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The Buyer’s Case with Les Vignerons Foncalieu

The Buyer’s Case is a new initiative that gives producers the chance to show specific drinks to key buyers in target channels of the on-trade. For our first Buyer’s Case we teamed up with Les Vignerons Foncalieu and selected key buyers in its main distribution areas in the UK on-trade to show their wines. Here are the results.

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Virginia Wine Project: bringing producers and buyers together

The Buyer teamed up with Virginia Wine and some of its key producers to help them better understand the needs of the UK premium on-trade and how buyers might relate to their wines with both a business roundtable debate with key players and a study tour of leading London restaurants, wine bars and merchants to see the kind of offers they have and where their wines might fit in.



Tasting with pictures View All
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    • A new Vin Nature from Domaine de Montille, at the @LibertyWines tasting – first time the new French natural wine classification introduced last year has been used at this estate. Purple, fresh, dense, micro-fine tannins, lots of whole bunch with the intensity of the 2020 vintage. Really packed a punch - amazing this is Pinot!
    • Some of the highlights of lesser-known Bourgogne appellation wines shown by  @thormanhunt  last week
    • Wines from Fixin (pronounced ‘Fissin’) don’t get seen much here in the UK, but as for the whites from this lesser-known appellation, they really are as rare as hens’ teeth – with just 5 hectares of vines in the entire appellation devoted to Chardonnay. This wine, from ‘a producer to watch’ was complex, angular with a pleasant bitter edge. Tasted at the  @liberty_wines  tasting.  @vinsdebourgogne   #bourgogneweek 
    • Stylish, balanced Chardonnay which marries well the ripe 2019 vintage with mineral-driven acidity from this lesser-known appellation in North Bourgogne. Part of the Chablis/ Grand Auxerrois region there are just 56 hectares grown here and, because it is not yet ‘on the map’ offers terrific value for money (£15.50 a bottle). Pale gold; bright aromas of summer hay, honeysuckle and white orchard fruit; On the palate you find honeyed spiced pear, ripe citrus balanced by fresh, crisp apple and taut acidity. The wine has a good deal of concentration, is surprisingly complex but has this thrilling core of acidity that holds the ripeness in place. Excellent value.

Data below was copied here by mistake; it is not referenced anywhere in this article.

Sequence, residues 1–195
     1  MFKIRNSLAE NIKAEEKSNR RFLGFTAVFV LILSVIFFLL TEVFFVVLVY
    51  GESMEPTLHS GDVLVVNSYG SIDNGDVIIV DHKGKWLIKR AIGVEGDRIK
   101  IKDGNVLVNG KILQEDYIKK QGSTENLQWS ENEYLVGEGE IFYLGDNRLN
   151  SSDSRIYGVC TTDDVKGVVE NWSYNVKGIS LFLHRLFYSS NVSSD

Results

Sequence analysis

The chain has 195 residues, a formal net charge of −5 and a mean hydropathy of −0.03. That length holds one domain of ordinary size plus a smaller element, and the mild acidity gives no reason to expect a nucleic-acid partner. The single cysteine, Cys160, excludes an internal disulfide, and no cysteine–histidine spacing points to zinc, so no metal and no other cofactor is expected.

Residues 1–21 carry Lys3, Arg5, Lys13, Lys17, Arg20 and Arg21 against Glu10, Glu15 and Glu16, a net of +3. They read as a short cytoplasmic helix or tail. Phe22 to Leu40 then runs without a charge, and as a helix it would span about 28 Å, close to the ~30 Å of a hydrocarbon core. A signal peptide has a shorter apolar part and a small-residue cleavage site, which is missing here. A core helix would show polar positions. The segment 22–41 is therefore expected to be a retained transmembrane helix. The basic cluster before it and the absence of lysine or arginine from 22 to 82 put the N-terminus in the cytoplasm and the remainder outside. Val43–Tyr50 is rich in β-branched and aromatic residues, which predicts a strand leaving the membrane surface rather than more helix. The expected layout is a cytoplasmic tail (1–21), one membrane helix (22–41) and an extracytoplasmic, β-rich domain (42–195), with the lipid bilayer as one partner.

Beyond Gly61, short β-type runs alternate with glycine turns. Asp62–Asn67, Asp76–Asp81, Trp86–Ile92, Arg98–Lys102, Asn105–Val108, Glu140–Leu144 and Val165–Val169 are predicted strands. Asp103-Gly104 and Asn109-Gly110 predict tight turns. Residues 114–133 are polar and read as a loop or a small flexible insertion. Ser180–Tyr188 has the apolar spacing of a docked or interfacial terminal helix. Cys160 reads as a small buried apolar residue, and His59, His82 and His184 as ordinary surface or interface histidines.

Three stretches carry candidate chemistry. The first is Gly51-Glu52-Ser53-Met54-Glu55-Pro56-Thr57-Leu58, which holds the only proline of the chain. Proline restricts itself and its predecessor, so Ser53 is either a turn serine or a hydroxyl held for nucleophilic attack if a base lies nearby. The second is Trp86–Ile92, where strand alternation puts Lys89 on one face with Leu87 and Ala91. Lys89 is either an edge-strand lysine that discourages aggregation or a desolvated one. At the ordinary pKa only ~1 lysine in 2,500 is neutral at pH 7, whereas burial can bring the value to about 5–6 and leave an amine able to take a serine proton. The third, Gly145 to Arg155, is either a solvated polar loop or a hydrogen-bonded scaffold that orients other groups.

• This 2020 Louis Latour Viré-Clessé is pale brilliant gold, the bouquet is pretty with floral notes (honeysuckle, acacia), light stone fruit (white peach), lemon balm and verbena; the palate is generous, ripe but balanced, a slight minty edge to the fruit which is overt in this sunny, dry vintage. There’s nothing not to like – so easy going you could put a straw in the bottle and pull your sun hat over your eyes. Viré-Clessé is a lesser known appellation in Bourgogne that is as straightforward as the wines which are made there – white wine only with no 1er cru sites, it is a reliable introduction to the wines of the Mâconnais region, the most Southern end of the region. Viré-Clessé was formed in 1999 with the merging of two appellations Mâcon-Viré and Mâcon-Clessé. You can feel the sun in these wines, the fruit is ripe and the mouthfeel
    • Think of Mâcon as a whites-only appellation and you would be wrong. True, for every one bottle of Mâcon rouge this, the most Southern end of Bourgogne, makes ten bottles of Mâcon blanc, but the reds can be great fun and amazingly good value. The reds here can be a blend of Gamay and Pinot Noir and good examples like really are the archetypal brasserie wine – likeable young, they are joyous, fleshy wines that have great acidity that are the perfect accompaniment to a board of charcuterie or an onglet steak with braised endive. Louis Jadot’s Mâcon is 80% Gamay and 20% Pinot Noir; on the eye the wine is light ruby with purple edging coming from the Gamay; aromas are of red fruits – strawberries, redcurrants and raspberries – quite intense in this fruity vintage; the palate is fresh, juicy, fruity but with real vivacity and an acidity
    • 2020 is a vintage in Bourgogne where you don’t need to be spending big bucks on 1er Cru and Grand Cru wines. This was a small selection of highlights from today’s Charles Taylor tasting - all wines from lesser known appellations - or wines from appellations with an additional geographical denomination.  @vinsdebourgogne